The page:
By Jack Farmer
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May Day

This article is over 11 years, 11 months old
John Sommerfield, London Books, £11.99
Issue 350

It took me months to track down a copy of John Sommerfield’s May Day. Eventually I was able to borrow a photocopy of an edition from the 1980s. It was worth the effort. May Day is a heady, reckless beast of a novel – a brash experiment in form and a giddy celebration of socialist agitation. Now, thanks to funding from the RMT union, it has been reissued.

This is the story of a general strike told from top to bottom. Featuring an immense cast of characters, May Day spans three days leading up to a workers’ demonstration, which soon evolves into a massive walkout. Though fictional, it is based on the author’s experience of the 1926 General Strike.

In a subsequent note on the text, written in the dark days of Thatcherism, Sommerfield referred to May Day (more than a little disparagingly) as “Communist romanticism” – a naive work of his youth.

The novel depicts, to borrow Engels’s phrase, “typical characters, in typical situations”. Seaman James Seton, veteran of the Spanish Civil War, returns to London in search of his brother. In the next street John and Martine embrace in the moments before they must get out of bed. Sir Edwin Langfier paces his study (anxious about the fate of his company) while his son, Peter, contemplates another day spent in idleness and boredom. At Edwin’s factory Bill Riley whistles the Internationale, much to the consternation of his super-stressed manager Langton. Babies are born and die, children play and fight, love is made and lost – life, in all its forms, happens.

May Day was written in the mid-1930s, a time in which there was a tremendous feeling among writers that literature had to step up to the political challenges of the era. This was far from an easy task. Since the turn of the century modernist writers had begun to explode and refashion literary forms, fit for an age of horrific wars and hopeful revolutions. On the one hand loomed the conservatism of people like T S Eliot and the fascist sympathiser Ezra Pound, and on the other the dead hand of “socialist realism” – the doctrine sanctioned by Stalin.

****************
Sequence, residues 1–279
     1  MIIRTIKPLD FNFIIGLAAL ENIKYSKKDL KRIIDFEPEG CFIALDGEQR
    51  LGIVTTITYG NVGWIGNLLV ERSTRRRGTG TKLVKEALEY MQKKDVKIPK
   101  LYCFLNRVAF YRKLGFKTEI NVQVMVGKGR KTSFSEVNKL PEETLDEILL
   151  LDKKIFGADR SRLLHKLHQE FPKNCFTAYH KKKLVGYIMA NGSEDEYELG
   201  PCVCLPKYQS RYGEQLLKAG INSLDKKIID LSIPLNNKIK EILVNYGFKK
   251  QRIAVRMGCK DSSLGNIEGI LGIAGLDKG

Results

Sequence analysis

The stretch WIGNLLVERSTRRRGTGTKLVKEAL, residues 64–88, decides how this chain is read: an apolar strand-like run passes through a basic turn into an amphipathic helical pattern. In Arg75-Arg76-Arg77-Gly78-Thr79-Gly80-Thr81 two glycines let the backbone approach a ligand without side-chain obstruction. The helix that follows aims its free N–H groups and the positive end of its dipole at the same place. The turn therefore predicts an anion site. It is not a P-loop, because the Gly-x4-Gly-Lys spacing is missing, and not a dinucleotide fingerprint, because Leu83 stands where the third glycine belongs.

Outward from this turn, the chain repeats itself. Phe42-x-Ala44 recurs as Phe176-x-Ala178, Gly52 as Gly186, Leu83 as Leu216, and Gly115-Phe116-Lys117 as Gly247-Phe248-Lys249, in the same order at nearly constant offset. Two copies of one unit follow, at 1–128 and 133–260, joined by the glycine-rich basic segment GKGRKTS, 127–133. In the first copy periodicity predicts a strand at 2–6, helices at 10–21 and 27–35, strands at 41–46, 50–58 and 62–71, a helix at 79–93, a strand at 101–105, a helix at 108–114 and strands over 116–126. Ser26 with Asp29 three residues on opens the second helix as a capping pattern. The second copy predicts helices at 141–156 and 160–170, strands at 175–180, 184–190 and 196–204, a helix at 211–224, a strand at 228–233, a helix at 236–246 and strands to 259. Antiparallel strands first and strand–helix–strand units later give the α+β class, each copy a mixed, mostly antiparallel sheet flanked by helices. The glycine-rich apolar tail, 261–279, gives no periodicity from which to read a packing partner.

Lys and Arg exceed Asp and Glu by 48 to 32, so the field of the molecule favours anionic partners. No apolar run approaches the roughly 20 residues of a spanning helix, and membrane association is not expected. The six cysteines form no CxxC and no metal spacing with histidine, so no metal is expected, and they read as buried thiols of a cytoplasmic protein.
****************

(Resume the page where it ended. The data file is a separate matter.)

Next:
While Sommerfield was clearly excited by (and participated in) the development of a politicised literary movement, he was deeply suspicious of the reductive prescription of form and content emanating from Moscow.

May Day is his answer to these debates. It is a “collective novel” – a story brimming with characters, all of whom layer their various perspectives together to create an effusive yet finely crafted narrative. Though there are bosses and workers, these characters do not correspond to heroes and villains. Instead their subjective foibles are anchored in the larger movement of the May Day strike. Sommerfield takes care not to obliterate people’s personalities, but it is clear that these characters are swept along in a powerful political movement. Those who begin to grasp what is happening become able, however imperfectly, to shape the flow of events. They become actors in a historical process.

This is also a novel about London. Though at times it seems overloaded with characters and tiny threads of narrative, the city provides a regulating framework, as the events move through morning, evening and night. As one advert placed in Left Review at the time said, “It moves – it’s got technique.”

When Sommerfield described this as “Communist romanticism” he may have been thinking of one character in particular – Ivy Cutford.

The day before the strike a young woman called Mabel goes to work in Ivy’s factory. She chats with her friends about life, about the man she fancies, about going to the pictures. She then slips on the greasy floor, hitting her head on an unguarded piece of shafting and getting her hair caught on the machine’s conveyor belt. She is dragged downwards and scalped.

The immense anger of the women workers does not erupt spontaneously. Ivy stands on a table in the canteen, full of trepidation, and argues to strike.

A few hours later they emerge to meet the monster demonstration: “For a moment the police were having it their own way. The space around James grew larger. The workers were struggling to open out in front of the horses. Then they burst forward around them, through the cordon, overflowing along the pavements like water in a torrent parting around a great rock. James heard a tremendous shout as the factory workers burst through the gates.”

In so much literature class struggle is a hidden hand that shapes the flow of narrative. When not in comic-pastoral mode, the exploited classes seem to transform into something like the sea beast hydra, a many-headed menace. They are the force that prompts anxiety in ruling class characters, animating their most persistent nightmares, the return of repressed impulses.

John Sommerfield boldly makes this hidden hand his subject, embracing all levels of society in this epic tapestry of London life.

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